Monetary streams for bands in this model will come from live shows, of course, but also from non-downloadable merch. T-shirts, posters, the usual souvenirs that fans like to have, plus some hard copies of the music for those who want the physical document. Depending on your band’s genre, vinyl albums are now hip again and being stocked in larger numbers by indie record stores. Give your fans the option to buy hard copies directly from you or through a seller like CD Baby, and there will still be a number of them who will do it even if you have the downloads available free. Creating communities online around your band will also serve you well not just in gaining fans, but keeping your current ones interested. Are you posting tour blogs, video journals, new demo recordings, live clips, or any other innovative content on your band’s website? why not?

This is a different level business model than the multi-million selling major label archetype, but given the odds and the competition, it’s very unlikely your band will ever even come close to that type of opportunity. Acknowledging that is the first step to a realistic approach to your music career, taking any of the suggested routes above is the rest of the staircase.

There are more nuances to this whole subject, and others have explored them more in-depth than I just did, so I’d appreciate your thoughts on this too–Comment away.

I’ll put my money where my keyboard is as far as expanding your exposure. If you think your music is good enough that I need to know about it, write about it, or otherwise let people know about it, drop me a line at kageyo@yahoo.com with your best two songs, links to your videos on Youtube, and your website address or Myspace page link. If I like what I hear, I’ll be in touch for more.

(H/T Kevin Oliver)

I believe the the dying of the big labels is kind of like an emancipation of music and of bands.  Now bands can truly be free to make their music without someone controlling their image and music to become something they are not to sell records.  This will always happen to a degree, but it doesn’t really have to be that way anymore.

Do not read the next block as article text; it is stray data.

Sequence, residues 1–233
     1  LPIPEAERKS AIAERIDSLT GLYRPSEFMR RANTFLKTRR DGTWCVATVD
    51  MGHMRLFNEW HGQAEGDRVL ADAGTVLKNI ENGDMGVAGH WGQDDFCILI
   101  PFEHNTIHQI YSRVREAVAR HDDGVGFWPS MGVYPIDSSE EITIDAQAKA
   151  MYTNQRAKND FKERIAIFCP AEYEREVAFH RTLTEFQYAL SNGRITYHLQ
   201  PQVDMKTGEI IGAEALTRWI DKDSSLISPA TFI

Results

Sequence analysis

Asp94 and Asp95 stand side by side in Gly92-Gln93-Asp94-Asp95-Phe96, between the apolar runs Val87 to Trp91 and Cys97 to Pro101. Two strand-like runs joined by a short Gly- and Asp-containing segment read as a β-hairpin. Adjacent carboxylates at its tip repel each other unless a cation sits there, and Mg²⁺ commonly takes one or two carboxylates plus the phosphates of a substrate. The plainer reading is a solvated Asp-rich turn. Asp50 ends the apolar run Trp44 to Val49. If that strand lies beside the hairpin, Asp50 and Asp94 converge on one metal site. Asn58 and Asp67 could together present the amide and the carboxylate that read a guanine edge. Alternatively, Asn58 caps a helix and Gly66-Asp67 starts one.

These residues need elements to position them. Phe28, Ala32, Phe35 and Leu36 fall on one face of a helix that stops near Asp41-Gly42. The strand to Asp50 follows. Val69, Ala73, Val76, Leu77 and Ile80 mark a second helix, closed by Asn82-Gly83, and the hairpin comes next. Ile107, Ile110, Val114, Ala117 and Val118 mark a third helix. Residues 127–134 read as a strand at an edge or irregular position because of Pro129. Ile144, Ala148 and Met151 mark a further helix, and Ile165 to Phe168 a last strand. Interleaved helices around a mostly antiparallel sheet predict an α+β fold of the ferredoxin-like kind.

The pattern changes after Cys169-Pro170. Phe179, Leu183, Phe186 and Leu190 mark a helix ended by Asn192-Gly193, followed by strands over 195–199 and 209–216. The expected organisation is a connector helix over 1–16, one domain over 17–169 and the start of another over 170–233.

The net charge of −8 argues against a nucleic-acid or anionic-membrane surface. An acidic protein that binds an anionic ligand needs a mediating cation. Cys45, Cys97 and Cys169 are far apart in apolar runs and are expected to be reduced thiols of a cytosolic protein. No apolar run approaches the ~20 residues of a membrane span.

Music is all about the product.  It still is a business and the quality of your music and your live show are what are going to get people listening and then get them out to your shows and keep them coming back.

The big labels monopoly on music has slipped out of their hands.  Who listens to the radio anymore?  Music fans don’t rely on the radio anymore to hear about new music.  Itunes helps so much with distribution along with many online music stores where you can purchase songs and hard copies of albums.

The most exciting part of all of this is that it is so new.  Major labels were having record sales just 10 years ago and now they are fighting to keep their doors open.  They tried to fight technology and the obvious future and did a poor job of adapting and now their game of catch-up isn’t quite working.

Where do I think the key lies?  I believe strongly that it lies with the small record label.  For the most part small record labels group similar bands together and really create a team.  The team promotes each other with their myspaces, they tour together, when you buy a song off of Itunes it tells you that you might like this band also.  Small labels really give bands that extra little nudge it takes it to survive and prosper in the music industry.

I believe blogs, magazines and of course social networking help tremendously.  This is all such a new thing and no one really knows how far it will go.  The evolution of the music industry is going so fast that it is hard for everyone to keep up.  I might just sit back and observe from my website.

  • Alan Terry (1/3 of the rusty knives)

    I appreciate your optimism David but I have to say as a small time musician myself, finding venues that will pay unknown artists even when they are taking money at the door is a real struggle. I have played a paid gig once since starting out with my old band laundry room back in 2006. We cut a deal to take a small percentage of bar takings for the night. The venue was rammed with well over 150 people (that’s big numbers for a small town like Worcester in England) we earned £15! :| lol. I think before artist can start making bread and butter again the venues are going to need to start actually paying or prehaps more people should refuse to do it for free? I’m sure it will balance out sooner or later, there is certainly a long way to go though.

    Alan Terry (guitarist/vocalist for the rusty knives in worcester)